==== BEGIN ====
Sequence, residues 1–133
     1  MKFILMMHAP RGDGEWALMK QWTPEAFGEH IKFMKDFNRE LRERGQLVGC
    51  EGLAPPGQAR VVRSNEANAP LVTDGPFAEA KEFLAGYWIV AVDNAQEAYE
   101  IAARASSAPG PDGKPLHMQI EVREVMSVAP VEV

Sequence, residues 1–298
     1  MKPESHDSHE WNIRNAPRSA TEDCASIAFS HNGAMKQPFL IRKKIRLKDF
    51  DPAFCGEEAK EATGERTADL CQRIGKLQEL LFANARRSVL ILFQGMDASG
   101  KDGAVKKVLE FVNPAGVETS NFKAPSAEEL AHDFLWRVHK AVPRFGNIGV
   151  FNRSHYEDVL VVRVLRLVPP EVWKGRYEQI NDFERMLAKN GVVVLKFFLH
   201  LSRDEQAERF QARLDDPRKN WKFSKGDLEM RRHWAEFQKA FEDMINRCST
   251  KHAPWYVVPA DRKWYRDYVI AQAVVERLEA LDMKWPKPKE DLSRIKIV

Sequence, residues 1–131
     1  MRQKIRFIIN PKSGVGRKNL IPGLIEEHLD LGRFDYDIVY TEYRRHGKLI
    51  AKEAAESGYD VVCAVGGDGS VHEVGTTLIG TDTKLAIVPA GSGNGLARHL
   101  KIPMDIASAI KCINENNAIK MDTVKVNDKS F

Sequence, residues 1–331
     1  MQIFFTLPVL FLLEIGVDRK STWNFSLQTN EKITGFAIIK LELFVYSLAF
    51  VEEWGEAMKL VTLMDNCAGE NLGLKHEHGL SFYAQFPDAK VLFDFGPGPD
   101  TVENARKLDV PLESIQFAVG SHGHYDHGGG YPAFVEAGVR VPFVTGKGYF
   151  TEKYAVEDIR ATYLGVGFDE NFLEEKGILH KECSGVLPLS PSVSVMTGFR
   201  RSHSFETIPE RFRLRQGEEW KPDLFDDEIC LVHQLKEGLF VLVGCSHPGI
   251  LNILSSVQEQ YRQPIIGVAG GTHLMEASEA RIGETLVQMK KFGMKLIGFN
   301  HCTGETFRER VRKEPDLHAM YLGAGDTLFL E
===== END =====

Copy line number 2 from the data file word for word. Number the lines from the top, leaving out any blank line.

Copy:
     1  MKFILMMHAP RGDGEWALMK QWTPEAFGEH IKFMKDFNRE LRERGQLVGC